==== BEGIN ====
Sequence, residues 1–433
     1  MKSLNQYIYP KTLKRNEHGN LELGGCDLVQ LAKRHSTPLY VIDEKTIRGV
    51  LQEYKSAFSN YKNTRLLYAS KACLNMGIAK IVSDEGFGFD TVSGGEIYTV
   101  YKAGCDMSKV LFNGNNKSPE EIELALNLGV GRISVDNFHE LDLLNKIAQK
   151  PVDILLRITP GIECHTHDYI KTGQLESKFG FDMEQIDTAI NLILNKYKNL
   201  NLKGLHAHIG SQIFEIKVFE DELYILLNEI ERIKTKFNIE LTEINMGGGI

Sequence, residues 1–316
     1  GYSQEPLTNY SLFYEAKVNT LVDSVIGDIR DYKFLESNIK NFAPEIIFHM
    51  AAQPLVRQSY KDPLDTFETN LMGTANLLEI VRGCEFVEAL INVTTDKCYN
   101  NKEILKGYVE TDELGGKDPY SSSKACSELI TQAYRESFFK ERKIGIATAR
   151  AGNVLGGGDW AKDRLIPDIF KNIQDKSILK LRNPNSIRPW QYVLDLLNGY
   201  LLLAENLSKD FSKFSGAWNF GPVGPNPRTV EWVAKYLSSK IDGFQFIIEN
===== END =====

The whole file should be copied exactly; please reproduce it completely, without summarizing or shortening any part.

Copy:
Sequence, residues 1–433
     1  MKSLNQYIYP KTLKRNEHGN LELGGCDLVQ LAKRHSTPLY VIDEKTIRGV
    51  LQEYKSAFSN YKNTRLLYAS KACLNMGIAK IVSDEGFGFD TVSGGEIYTV
   101  YKAGCDMSKV LFNGNNKSPE EIELALNLGV GRISVDNFHE LDLLNKIAQK
   151  PVDILLRITP GIECHTHDYI KTGQLESKFG FDMEQIDTAI NLILNKYKNL
   201  NLKGLHAHIG SQIFEIKVFE DELYILLNEI ERIKTKFNIE LTEINMGGGI

Sequence, residues 1–316
     1  GYSQEPLTNY SLFYEAKVNT LVDSVIGDIR DYKFLESNIK NFAPEIIFHM
    51  AAQPLVRQSY KDPLDTFETN LMGTANLLEI VRGCEFVEAL INVTTDKCYN
   101  NKEILKGYVE TDELGGKDPY SSSKACSELI TQAYRESFFK ERKIGIATAR
   151  AGNVLGGGDW AKDRLIPDIF KNIQDKSILK LRNPNSIRPW QYVLDLLNGY
   201  LLLAENLSKD FSKFSGAWNF GPVGPNPRTV EWVAKYLSSK IDGFQFIIEN